In a welcome move, the Indian government published a draft civil aviation policy via the ministry of civil aviation yesterday, November 10th. However, industry stakeholders the were left wanting. The document lacks the comprehensive, detailed, well laid-out, and deliberate plans that addresses the urgent, nay critical needs of the industry and by extension the nation and its economy.
The draft policy is just a statement of intent. It attempts to paint a broad level picture of what the government intends to do and covers 10 areas, namely:
- Airport Development
- ATF taxation
- Institutional reforms
- Regional connectivity
- MRO facilities
- ANS providers
- Helicopter aviation
For long the Indian civil aviation industry has languished with a lack of a comprehensive policy. This has resulted in ad-hoc decisions, many of which raised questions of propriety, and were investigated and slammed by India’s Comptroller and Auditor General (CAG).
While the draft is indeed a signal of good policy measures, how these are drafted into a comprehensive regulatory and policy framework and subsequently implemented in a manner conducive to the growth of the aviation sector in a progressive and transparent manner, remains to be seen. One of the stakeholders labelled the document as “window dressed PR.” On some level, one would tend to agree.
For starters the document is a mere four page draft – far from comprehensive for what is expected to become the world’s third largest aviation market within the next 10 years. It starts with outlining the growth in the “civil aviation sector” and this is arguably misleading. While the nation has undoubtedly seen traffic growth measured in passenger numbers, cargo volumes and aircraft movements, neither Indian airports or airlines or other parts of the aviation value chain have flourished with this growth. This is reflected in the accumulated losses of Indian airlines, to the tune of USD 10 billion (over Rs 63,000 crores) in the past few years. Debt levels are in excess of USD 22 billion and working capital challenges abound.
The airport sector has fared better but other than the PPP airports where the charges are exorbitant while investors complain of an inadequate return on equity, most government run airports authority of India (AAI) airports are registering losses. With the exception of two airlines, all others are haemorrhaging money hands over fist, and the national carrier Air India is considered one of the biggest white elephants in the forest of inefficient public sector units.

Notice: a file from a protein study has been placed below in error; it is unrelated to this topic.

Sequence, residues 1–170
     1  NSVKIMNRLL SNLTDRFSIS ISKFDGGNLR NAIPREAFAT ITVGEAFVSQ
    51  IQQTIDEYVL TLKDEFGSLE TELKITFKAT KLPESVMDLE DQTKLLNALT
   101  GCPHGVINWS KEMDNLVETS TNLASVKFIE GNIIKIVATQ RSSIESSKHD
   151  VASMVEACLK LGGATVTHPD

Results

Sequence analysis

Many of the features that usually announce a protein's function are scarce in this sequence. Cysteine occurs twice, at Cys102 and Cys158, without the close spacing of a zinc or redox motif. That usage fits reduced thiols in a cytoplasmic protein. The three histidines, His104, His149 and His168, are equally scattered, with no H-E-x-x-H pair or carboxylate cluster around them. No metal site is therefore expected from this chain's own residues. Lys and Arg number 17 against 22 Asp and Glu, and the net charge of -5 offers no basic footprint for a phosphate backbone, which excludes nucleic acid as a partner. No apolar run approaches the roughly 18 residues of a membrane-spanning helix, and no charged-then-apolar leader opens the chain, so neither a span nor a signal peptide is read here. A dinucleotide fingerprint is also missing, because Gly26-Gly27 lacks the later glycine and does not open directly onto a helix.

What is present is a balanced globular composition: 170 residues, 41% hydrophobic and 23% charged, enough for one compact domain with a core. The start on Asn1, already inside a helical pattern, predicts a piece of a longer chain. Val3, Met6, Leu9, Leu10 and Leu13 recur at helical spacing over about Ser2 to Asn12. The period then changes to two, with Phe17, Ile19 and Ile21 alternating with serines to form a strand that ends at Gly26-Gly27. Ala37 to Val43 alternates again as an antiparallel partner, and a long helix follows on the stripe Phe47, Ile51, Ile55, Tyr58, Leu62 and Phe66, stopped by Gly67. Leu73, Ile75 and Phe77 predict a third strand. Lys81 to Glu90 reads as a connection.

The country has seen a safety rating downgrade, and new regulatory and oversight challenges ranging from buffaloes on runways to licensing irregularities, surface each day. Punitive rules like ‘5/20’ or the poorly thought out route dispersal guidelines (RDGs) remain, and the draft policy only mentions that these be revisited. The issue of bi-laterals and freedoms of the air have not been addressed at all without which the Middle East airlines and airports will continue to grow at the expense of the Indian airlines and airports.
The few bright spots though are the suggested public list of Pawan Hans and Airports Authority of India. While an expert committee to develop a future roadmap for Air India is also a positive move, it is merely postponing the inevitable. Another positive is the call for reform of aviation turbine fuel (ATF) taxation which must be under-take on a footing. Yet this is totally dependent on states which levy absurdly high sales taxes. The government can bite the bullet and put ATF into the declared goods category, but does it have the political will and power to do so? Similarly, improving infrastructure for helicopters, a focus on the cargo sector and MRO facilities are all steps in the right direction — but — without deliberate, decisive and time-bound action all of this is futile. India can ill afford another five years of discussion and deliberation while aviation continues to suffer.
Hopefully, the new policy once drafted and released in entirety, will contain comprehensive and detailed action plans rather than broad, macro level, feel good signals of intent. Additionally, the policy must be cabinet approved else it would lack the gravitas required to signal to stakeholder, both domestic and international, that India is serious about aviation. Various ministries and state governments will work to realise this vision — and work in a manner that has never been done before.
The time for Indian aviation is now. It is a sincere hope that Indian aviation finally gets the focus that is required. We can no longer continue on a wing and prayer.
Your comments as usual are requested.